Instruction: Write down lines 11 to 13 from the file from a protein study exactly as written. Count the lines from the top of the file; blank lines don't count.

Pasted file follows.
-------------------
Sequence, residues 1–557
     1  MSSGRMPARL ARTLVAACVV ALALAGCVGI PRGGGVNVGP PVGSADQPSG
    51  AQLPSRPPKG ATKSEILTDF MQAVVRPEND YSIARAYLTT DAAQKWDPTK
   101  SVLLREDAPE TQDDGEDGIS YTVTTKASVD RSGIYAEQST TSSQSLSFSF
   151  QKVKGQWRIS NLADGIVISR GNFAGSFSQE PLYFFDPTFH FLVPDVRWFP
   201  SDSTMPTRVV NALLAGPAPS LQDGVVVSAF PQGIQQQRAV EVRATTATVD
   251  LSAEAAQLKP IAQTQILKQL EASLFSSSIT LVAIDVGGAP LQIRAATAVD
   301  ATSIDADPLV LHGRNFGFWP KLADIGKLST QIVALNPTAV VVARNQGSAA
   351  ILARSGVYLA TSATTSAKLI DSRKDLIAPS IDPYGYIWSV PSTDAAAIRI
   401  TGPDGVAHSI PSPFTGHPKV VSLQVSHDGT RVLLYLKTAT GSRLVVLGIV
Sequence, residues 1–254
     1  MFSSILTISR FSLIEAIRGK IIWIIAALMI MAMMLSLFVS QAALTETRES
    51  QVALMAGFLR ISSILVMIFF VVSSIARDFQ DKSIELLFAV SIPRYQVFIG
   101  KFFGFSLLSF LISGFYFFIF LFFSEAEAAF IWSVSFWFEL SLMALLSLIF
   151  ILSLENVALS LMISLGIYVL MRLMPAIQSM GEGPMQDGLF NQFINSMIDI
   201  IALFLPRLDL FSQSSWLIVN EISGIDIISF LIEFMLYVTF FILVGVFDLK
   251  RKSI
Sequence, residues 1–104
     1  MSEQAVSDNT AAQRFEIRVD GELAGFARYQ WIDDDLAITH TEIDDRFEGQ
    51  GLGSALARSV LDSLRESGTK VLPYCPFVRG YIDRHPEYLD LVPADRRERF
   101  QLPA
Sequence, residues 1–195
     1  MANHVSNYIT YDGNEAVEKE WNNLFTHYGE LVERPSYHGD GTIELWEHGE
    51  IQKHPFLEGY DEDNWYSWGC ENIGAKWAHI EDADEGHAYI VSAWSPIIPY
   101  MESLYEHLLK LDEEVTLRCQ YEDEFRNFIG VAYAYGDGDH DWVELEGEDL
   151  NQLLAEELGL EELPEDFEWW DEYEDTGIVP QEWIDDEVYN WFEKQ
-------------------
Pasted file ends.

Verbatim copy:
Sequence, residues 1–254
     1  MFSSILTISR FSLIEAIRGK IIWIIAALMI MAMMLSLFVS QAALTETRES
    51  QVALMAGFLR ISSILVMIFF VVSSIARDFQ DKSIELLFAV SIPRYQVFIG